At four years old, Gul-e-Mehtab already knows what she wants to do when she grows up.
This little girl, whose name means "moonlight flower", wants to be a doctor in order to heal her own mother, Manzoor Attiqa.
"She says: 'Mama when I grow up, I will become a doctor. I will treat you, and then you will be perfect'," Manzoor says, with a proud smile.
Twenty-two-year-old Manzoor is a patient in surgical ward 10 in Benazir Bhutto hospital in the Pakistani city of Rawalpindi.
The ward is a cluster of women in brightly coloured shawls, who share the same scars and the same trauma. All have been attacked with acid.
There are no reliable national statistics, but campaigners estimate that there may be as many as 150 victims every year.
It is an intimate crime - often carried out in the family home, by husbands or in-laws.
Manzoor's attack followed a row over doing the dishes.
"It was seven o'clock in the morning, and I had just finished making breakfast," she says.
"My daughter was crying so I picked her up, but her grandmother said: 'Leave her and wash the dishes.' I told her that I would wash them, and that we had the whole day ahead of us. After this, they started beating me. I was unconscious for four or five days. I woke up in hospital in Lahore."
While she lay unconscious, Manzoor was drenched in acid. It devoured her lower lip, neck and shoulders and left her chin fused to her chest.
But when she speaks of the in-laws she blames for the attack, there is no bitterness. In spite of her injuries, and her suffering, she says that she has forgiven them.
"They are like my own mother and sisters," she says. "I just pray God shows them the right path, so they can't do this kind of thing to anybody else. I forgave them, so that they could realise they did wrong."
Get the sellers
When we meet Manzoor, she is about to have her sixth surgery - performed free by a group of Pakistani experts, and British volunteers, led by plastic surgeon Charles Viva.
The retired NHS doctor, with a snow-white walrus moustache, has spent decades treating the poor around the globe, including many victims of acid burns.
"I feel very passionately angry about this because God has made us whole, and for somebody to do this causes a lot of distress for the patients and their families," he says. "We do what we can to give the women back their dignity."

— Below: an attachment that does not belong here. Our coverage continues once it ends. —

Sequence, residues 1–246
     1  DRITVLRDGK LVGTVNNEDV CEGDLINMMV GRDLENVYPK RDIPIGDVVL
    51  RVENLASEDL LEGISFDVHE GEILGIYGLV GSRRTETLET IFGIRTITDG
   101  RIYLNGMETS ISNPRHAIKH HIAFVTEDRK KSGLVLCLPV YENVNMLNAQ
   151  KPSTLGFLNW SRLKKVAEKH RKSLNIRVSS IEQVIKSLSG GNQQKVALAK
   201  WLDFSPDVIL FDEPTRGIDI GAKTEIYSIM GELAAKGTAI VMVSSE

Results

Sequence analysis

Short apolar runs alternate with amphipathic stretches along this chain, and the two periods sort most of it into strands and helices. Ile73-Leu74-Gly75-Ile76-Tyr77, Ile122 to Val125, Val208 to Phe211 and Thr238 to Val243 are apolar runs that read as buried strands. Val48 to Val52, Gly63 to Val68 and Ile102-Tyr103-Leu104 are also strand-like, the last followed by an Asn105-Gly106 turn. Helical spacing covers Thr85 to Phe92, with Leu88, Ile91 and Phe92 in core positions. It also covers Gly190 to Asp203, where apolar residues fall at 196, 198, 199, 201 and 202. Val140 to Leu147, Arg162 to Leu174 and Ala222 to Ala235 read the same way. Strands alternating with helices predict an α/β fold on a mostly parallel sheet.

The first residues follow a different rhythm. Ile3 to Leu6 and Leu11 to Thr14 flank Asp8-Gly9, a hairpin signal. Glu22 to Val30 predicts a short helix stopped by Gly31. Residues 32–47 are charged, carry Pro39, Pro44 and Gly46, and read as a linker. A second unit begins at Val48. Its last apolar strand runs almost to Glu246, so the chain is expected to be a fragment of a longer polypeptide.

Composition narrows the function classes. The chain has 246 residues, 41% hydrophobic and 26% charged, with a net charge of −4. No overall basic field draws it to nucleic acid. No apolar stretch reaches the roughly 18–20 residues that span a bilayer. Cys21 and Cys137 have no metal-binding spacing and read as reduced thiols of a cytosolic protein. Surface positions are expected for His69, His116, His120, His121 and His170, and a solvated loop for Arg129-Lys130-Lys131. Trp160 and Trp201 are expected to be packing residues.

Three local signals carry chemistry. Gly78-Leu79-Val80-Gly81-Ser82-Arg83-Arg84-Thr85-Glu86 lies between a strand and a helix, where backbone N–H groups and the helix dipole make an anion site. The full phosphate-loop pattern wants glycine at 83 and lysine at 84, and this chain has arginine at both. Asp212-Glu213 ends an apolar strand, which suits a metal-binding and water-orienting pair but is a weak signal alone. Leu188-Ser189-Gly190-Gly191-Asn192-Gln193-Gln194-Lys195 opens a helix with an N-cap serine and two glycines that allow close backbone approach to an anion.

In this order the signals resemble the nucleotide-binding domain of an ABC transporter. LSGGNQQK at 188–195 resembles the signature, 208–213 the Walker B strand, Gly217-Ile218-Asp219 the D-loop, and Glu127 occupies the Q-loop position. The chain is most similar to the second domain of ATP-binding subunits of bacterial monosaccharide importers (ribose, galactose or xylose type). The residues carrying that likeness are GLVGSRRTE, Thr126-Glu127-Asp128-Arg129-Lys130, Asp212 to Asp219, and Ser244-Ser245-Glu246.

In Manzoor's case, this means grafting skin from her leg on to her neck, so that she can lift her head fully.
Mr Viva wants action against those who sell the acid, not just those who throw it.
"I think we need some very strong deterrents to prevent this happening," he said.
"I think it's essential that the government and the authorities should target the people who perpetrate the crime, and those who supply the acid. They are just as guilty for giving the acid."
Two hours later, Manzoor is back in ward 10. Her surgery was a success, but it won't be her last.
'It didn't end my life'
Opposite her, in bed nine, Saira Liaqat is recovering from her latest operation - her 18th. Her face is still bandaged, but already she is sitting up, supported by her mother, Gulshan.
A medical file rests at the end of the bed, with photos of a striking girl in a gold headdress. That was Saira seven years ago, before she was attacked.
Acid has erased any resemblance to the pretty girl of the past, but it has not crushed her spirit. Since the attack, she has trained as a beautician.
"I want to own my own beauty parlour," she says.
"I want people to say 'that's the girl who suffered and didn't lose hope'. I want to support my parents as well as a son can. I want to show that person that even though he threw acid in my face, it didn't end my life."
Saira's husband is still on trial for her attack. If convicted, he could get between five and 14 years. Gulshan wants an eye for an eye.
"He should either get the death penalty, or have acid thrown in his face, so he knows how it feels," she says.
"The law is weak in Pakistan. If criminals like him are given a tough punishment immediately, then nobody will do this kind of thing."
Campaigners are calling for the introduction of life sentences. They say that while Pakistan is finally waking up to this issue, there is still a long way to go.
"At the highest level, people like the chief justice are taking acid violence very seriously," says Valerie Khan of the Acid Survivors Foundation (ASF), which helps many of the victims.
"In the past six months, we are seeing higher sentences being handed down. But the vast majority of women are unable to even register a case. And police are still turning a blind eye, due to corruption and social pressure."
While she slept
One of many still waiting for justice is 23-year-old Naseera Bibi.
She is friendly and talkative, in spite of her debilitating injuries.
The acid thrown in her face, while she slept, ate through her nose and both of her eyes. She believes her husband was the culprit.
She says she heard his voice next to her, as the acid melted her skin, telling her to say it was someone else.
"I started screaming. Then I heard my husband telling me whoever asks you who did it, just say it was Javed. I told him that I haven't seen anybody. He kept insisting whoever asks you, just say Javed did it."
Naseera's main concern now is how to provide for her children, without her sight.
"I've been taken to about 10 doctors, but there doesn't seem to be a chance of restoring my eyesight," she says.
"I've been very upset about this, because I have become a burden. But the ASF sent me to a school to study. I've learnt how to knit sweaters, and my children are back with me. I can't just sit around and lose hope."
Like other acid attack survivors in ward 10, Nazeera has been robbed of her looks, but not of her courage.
She has two dreams for the future - to send her children to school, and for her attacker to be punished.